The Science Museum Group is recruiting a design team for a major £12 million overhaul of the National Railway Museum (NRM) in York
The team chosen for the estimated £600,000 contract will draw up plans for an ambitious redisplay and reinterpretation of NRM’s 8,300m² Great Hall exhibition space which has changed little since the landmark museum opened inside a former railway depot more than 40 years ago.
The project, planned to complete in 2021, will also deliver a new open collections store and create a new 2,300m² ‘Wonderlab’ featuring hands-on galleries and learning spaces designed to inspire future generations of engineers which will be tendered seperately. The scheme is the first phase of a wider regeneration masterplan for the popular city centre museum scheduled to finish in 2025.
Museum Director, Judith McNicol said: ‘The Great Hall is one of the largest museum exhibition spaces in the UK. The current treatment of both the historic structure and the exhibition space needs updating to be more accessible, with better interpretation to bring the many railway stories to life for our visitors. Our aim is to complete these works by 2021 as the first phase of our larger Masterplan which will create a unified museum, drawing together all the elements of our site to tell a story of rail innovations past, present and future.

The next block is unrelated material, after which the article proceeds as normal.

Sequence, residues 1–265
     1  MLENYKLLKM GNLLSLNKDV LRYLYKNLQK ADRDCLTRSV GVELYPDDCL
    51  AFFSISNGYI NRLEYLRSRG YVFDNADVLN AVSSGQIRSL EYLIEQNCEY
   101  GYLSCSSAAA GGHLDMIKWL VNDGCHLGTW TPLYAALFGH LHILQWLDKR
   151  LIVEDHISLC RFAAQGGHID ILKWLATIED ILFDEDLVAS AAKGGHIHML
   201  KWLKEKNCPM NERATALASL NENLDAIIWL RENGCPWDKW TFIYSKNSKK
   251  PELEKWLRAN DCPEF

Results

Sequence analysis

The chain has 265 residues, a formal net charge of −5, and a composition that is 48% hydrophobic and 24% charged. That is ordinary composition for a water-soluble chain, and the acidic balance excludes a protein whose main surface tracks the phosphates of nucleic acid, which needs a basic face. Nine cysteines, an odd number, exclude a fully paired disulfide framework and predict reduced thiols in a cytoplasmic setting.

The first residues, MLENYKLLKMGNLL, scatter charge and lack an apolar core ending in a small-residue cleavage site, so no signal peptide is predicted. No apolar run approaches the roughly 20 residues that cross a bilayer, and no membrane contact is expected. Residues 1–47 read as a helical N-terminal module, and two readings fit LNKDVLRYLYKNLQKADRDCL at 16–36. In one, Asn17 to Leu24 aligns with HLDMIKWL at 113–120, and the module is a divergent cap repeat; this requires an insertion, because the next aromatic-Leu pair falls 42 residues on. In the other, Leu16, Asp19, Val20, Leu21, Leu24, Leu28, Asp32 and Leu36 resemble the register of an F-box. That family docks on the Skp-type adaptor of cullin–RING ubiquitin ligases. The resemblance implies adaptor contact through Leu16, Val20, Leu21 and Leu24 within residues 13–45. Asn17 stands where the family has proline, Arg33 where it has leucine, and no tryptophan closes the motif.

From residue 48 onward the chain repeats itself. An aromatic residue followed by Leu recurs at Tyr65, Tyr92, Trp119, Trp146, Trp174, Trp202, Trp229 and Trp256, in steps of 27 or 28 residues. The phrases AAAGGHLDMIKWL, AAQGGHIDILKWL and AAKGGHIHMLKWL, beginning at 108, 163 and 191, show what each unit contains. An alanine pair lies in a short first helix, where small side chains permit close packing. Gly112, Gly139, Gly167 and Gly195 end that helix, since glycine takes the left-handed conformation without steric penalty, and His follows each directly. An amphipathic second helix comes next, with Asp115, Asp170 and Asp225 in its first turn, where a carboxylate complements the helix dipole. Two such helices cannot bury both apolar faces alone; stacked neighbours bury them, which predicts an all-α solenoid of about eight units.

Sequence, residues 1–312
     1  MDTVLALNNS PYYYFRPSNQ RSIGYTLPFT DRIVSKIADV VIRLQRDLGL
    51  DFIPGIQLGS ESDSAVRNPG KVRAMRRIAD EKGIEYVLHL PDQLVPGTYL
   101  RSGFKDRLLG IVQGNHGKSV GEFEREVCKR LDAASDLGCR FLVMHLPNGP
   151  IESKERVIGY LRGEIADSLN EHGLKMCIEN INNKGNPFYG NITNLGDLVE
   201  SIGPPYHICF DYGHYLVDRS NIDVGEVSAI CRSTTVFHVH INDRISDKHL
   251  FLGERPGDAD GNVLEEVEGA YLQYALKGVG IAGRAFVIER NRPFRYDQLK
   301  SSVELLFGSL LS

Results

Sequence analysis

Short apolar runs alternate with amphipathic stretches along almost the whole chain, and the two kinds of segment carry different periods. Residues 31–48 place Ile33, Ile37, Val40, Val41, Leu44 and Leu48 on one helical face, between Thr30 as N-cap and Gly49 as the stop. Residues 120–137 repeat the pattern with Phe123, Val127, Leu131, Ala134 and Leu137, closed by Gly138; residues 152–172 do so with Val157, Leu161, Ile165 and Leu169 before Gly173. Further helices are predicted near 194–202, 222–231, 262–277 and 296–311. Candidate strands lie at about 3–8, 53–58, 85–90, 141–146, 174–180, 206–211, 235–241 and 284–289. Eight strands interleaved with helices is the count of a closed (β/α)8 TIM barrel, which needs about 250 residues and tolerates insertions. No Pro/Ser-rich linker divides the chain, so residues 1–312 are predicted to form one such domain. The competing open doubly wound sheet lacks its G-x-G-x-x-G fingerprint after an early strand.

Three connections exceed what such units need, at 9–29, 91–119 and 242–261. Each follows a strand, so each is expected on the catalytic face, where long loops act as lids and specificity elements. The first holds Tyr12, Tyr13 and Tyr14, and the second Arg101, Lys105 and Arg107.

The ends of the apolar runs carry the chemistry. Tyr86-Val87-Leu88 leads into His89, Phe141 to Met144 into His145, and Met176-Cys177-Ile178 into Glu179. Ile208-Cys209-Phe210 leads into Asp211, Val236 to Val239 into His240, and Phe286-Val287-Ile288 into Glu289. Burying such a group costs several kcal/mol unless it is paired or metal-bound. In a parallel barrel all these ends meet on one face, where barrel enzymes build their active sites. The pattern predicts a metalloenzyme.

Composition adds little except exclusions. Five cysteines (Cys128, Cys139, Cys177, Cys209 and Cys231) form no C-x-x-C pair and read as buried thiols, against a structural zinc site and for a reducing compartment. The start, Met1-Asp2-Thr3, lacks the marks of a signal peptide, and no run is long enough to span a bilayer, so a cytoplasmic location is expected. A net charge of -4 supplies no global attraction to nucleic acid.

‘This is a challenging, dramatic and high-profile project which will be seen and enjoyed by millions of visitors from around the world. We are seeking ambitious and capable designers that can combine a sensitive approach to displaying our much-loved railway history with bold and imaginative ideas that can help redefine what a 21st century museum should look like.’
The National Railway Museum was created on the former 8.1 hectare site of the York North Locomotive Depot in 1975 and today features more than 100 power cars and 200 other items of rolling stock. The museum is the largest of its type in the country and receives 750,000 visitors a year.
NRM’s main exhibition space – the Great Hall – was constructed in 1877 as one of nine engine sheds at the York depot housing and preparing steam locomotives for the East Coast Mainline. The enormous structure, which features a giant turntable at its centre, was used to store decommissioned steam trains from 1968 up until its conversion into a museum.
Items on display include Stephenson’s Rocket, the record-breaking Mallard and the only Shinkansen Bullet Train outside Japan. The latest project aims to deliver a ‘dramatic and coherent’ exhibition space featuring new items from the museum’s collections with a strong focus on inspiring and educating young audiences.
The deadline for applications is 4pm on 21 March.
How to apply
View the contract notice for more information
Science Museum Group
Tel: +44 2079424000